Her papers were donated to the Archives of American Art in 1985; they were digitized and posted on the web for researchers in 2009.[11]

After her death, her East Hampton property became the Pollock-Krasner House and Studio, and is open to the public for tours. A separate organization, the Pollock-Krasner Foundation, was established in 1985. The Foundation functions as the official Estate for both Lee Krasner and Jackson Pollock, and also, under the terms of her will, serves "to assist individual working artists of merit with financial need."[12] The U.S. copyright representative for the Pollock-Krasner Foundation is the Artists Rights Society.[13]

Lee Krasner's grave in front, with Jackson Pollock's grave in the rear, Green River Cemetery

Krasner was portrayed in an Academy Award-winning performance by Marcia Gay Harden in the 2000 film Pollock, a drama about the life of her husband Jackson Pollock, directed by Ed Harris. In John Updike's novel Seek My Face (2002), a significant portion of the main character's life is based on Krasner's.

Art market[edit]

At a 2003 Christie's auction in New York, Lee Krasner's horizontal composition in oil on canvas, Celebration (1960), multiplied its presale estimate more than fourfold as it ended its upward course at $1.9 million.[14]

See also[edit]


  1. ^ Naifeh, Steven and Smith, Gregory White, Jackson Pollock: an American saga, p. 503, Published by Clarkson N. Potter, Inc.1989, ISBN 0-517-56084-4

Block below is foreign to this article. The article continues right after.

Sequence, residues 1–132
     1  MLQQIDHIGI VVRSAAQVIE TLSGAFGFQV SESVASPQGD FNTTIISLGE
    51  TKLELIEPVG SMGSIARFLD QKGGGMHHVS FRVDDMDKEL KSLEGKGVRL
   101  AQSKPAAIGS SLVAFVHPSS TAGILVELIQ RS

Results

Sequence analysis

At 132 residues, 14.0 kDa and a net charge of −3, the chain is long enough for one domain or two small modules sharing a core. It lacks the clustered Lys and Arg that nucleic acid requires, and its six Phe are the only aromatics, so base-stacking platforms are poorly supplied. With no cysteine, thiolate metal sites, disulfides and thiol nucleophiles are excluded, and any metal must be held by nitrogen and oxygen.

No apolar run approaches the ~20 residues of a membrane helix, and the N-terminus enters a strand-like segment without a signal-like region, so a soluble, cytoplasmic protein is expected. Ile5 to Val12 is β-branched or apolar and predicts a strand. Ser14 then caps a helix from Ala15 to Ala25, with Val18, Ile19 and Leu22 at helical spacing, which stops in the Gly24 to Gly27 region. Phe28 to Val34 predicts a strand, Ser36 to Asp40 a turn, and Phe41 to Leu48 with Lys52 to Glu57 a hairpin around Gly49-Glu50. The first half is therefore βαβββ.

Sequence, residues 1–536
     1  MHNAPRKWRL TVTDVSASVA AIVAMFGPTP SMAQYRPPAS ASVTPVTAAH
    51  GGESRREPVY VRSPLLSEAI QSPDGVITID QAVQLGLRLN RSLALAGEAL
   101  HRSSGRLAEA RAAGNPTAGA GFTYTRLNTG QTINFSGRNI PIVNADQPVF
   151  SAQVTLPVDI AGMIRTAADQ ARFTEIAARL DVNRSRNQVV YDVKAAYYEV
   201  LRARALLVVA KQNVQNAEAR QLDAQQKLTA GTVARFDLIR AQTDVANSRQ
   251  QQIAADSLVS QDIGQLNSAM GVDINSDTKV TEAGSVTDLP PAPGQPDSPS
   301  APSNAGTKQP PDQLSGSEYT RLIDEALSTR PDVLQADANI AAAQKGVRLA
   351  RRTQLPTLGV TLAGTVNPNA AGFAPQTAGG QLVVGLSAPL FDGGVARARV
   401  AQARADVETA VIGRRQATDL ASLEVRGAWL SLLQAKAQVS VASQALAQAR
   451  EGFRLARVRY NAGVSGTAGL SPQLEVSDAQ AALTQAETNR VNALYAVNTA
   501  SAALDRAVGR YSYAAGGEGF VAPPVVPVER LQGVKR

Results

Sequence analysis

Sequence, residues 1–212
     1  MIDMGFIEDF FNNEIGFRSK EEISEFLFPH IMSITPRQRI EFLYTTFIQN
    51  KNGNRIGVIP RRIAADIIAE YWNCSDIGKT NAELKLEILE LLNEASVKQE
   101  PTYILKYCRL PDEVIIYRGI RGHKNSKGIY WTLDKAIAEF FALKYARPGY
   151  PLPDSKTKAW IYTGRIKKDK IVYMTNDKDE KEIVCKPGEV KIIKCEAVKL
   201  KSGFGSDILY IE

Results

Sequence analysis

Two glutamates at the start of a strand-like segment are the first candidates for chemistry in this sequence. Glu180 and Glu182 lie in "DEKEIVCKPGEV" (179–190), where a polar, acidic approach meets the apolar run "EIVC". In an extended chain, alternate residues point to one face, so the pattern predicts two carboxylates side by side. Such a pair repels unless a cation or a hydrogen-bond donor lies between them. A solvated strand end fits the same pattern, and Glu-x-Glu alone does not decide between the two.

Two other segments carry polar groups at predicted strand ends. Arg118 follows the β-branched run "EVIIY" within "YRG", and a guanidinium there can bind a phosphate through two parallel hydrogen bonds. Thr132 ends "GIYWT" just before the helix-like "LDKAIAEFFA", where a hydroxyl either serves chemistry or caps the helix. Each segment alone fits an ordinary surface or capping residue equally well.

2. ^ Brenson, Michael. "Lee Krasner Pollock is Dead - Painter of New York School", The New York Times, Retrieved 8 November 2014.
  3. ^ Naifeh, Steven and Smith, Gregory White, Jackson Pollock: an American saga, ibid., p. 366
  4. ^ Anne M Wagner. Three Artists (three Women) : Modernism and the Art of Hesse, Krasner, and O'Keeffe. (Berkeley: University of California, 1996.) p. 107
  5. ^ a b c Landau, Ellen. "Lee Krasner (American, 1908-1984), The Museum of Modern Art, Retrieved 8 November 2014.
  6. ^ Nemser, Cindy. Art Talk: Conversations with Twelve Women Artists (New York, 1975), pp.80-112.
  7. ^ Wagner, Anne. "Lee Krasner as L.K.," The Expanding Discourse: Feminism and Art History (New York: 1992), p. 427
  8. ^ Pollock and Krasner at Robert Miller, ARTINFO, June 28, 2006, retrieved 2008-04-22 
  10. ^ New York Times "A Visit With the Modern's First Grandmother" By CAROL KINO. Published: October 2, 2005.
  11. ^ The Jackson Pollock and Lee Krasner Papers, Archives of American Art, Smithsonian Institution.
  12. ^ The Pollock-Krasner Foundation website: Press Release page
  13. ^ Most frequently requested artists list of the Artists Rights Society
  14. ^ Souren Melikian (November 13, 2003), Auctions: Big art, monumental prices International Herald Tribune.


Further reading[edit]

External links[edit]